Our competitive edge lies in our close relationships with customers and our ability to respond swiftly. However, the recent addition of the pilot line has introduced a new dimension to our capabilities. By accelerating the prototyping process through this pilot line, we not only meet our customers' needs more promptly but also enhance our research and development efforts by reducing lead times for prototype production. Therefore, the primary aim of this pilot line is to streamline the cycle time for research and development and prototype creation.


Is that how you're able to introduce so many new products, such as the injecting coolant?

Developing new products has always been ingrained in Korloy's culture. The introduction of the pilot line is aimed at expediting this process. Korloy has consistently prioritized customizing our products for our customers. When I was starting out, I noticed delays in the process. At the time, the prevailing sentiment was that cycle times couldn't be shortened. However, I was determined to find a solution. Exploring options like digital transformation, widely adopted by larger companies, seemed promising for reducing cycle times. The idea of implementing a pilot line was born from this exploration.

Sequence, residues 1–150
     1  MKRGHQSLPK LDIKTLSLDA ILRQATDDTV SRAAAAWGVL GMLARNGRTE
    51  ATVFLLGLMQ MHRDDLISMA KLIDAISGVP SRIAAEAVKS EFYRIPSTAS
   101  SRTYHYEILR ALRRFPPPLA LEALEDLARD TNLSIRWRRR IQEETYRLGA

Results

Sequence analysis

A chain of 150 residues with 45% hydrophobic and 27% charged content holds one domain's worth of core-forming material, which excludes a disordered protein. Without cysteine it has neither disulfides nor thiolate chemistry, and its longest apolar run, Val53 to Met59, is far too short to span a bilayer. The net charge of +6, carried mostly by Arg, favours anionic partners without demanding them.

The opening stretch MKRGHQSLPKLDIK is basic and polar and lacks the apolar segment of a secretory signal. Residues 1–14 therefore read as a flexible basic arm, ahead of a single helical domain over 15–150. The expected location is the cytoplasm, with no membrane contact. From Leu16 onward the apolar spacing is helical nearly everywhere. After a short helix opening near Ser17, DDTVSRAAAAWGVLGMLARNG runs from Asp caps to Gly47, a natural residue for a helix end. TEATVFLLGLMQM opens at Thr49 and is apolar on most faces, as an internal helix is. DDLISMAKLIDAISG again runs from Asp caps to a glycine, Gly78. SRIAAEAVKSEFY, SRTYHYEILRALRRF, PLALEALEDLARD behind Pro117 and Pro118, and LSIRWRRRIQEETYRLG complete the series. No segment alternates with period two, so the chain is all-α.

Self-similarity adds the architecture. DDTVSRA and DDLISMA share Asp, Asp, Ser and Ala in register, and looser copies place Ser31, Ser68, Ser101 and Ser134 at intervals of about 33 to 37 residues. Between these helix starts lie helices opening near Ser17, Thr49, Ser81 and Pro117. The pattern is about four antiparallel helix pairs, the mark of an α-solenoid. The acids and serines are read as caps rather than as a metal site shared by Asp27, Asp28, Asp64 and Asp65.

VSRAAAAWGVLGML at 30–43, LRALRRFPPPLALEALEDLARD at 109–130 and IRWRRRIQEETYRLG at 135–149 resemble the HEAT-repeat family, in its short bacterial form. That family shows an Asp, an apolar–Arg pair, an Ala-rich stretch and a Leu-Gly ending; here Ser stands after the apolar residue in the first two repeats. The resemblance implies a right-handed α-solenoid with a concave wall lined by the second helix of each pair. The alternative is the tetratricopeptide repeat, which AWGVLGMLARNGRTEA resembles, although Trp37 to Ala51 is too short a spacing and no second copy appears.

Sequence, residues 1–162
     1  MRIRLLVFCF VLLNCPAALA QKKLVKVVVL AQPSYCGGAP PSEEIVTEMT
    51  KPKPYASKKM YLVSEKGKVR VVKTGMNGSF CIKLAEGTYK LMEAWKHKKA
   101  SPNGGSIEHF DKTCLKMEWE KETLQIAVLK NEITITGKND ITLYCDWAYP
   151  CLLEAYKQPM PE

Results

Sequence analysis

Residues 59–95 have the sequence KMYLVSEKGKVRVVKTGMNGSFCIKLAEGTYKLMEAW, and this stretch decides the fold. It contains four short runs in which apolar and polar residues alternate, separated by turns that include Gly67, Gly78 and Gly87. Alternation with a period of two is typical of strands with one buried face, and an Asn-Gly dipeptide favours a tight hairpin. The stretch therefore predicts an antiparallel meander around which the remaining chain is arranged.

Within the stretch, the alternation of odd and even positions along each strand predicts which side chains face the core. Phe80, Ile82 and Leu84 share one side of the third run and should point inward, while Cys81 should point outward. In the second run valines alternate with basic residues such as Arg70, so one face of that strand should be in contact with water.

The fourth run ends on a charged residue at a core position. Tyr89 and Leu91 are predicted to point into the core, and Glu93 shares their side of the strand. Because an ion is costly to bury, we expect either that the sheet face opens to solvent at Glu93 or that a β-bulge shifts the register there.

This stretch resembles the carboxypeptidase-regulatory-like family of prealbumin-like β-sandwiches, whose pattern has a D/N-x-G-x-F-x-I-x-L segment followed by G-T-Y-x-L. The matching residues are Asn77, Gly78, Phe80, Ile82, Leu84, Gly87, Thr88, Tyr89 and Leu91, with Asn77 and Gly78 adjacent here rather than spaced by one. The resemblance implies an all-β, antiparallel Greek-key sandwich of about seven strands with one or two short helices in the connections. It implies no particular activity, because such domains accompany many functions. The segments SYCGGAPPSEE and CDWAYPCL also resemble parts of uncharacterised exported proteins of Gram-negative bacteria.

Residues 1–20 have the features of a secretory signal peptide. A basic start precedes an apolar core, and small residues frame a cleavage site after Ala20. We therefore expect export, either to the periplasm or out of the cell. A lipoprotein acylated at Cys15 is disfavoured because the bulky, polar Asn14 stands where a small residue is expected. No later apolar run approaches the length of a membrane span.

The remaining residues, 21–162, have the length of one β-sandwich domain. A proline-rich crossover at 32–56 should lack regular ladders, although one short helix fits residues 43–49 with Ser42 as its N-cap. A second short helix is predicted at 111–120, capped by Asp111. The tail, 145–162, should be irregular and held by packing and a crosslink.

Moreover, over the past five years, we've implemented a POP MES system through smart factory initiatives. Additionally, rapid new product development is a key focus for our R&D efforts. We recognize the importance of speed in bringing new products to market. As products mature, our R&D department ensures we're prepared by having processes in place to develop new products swiftly.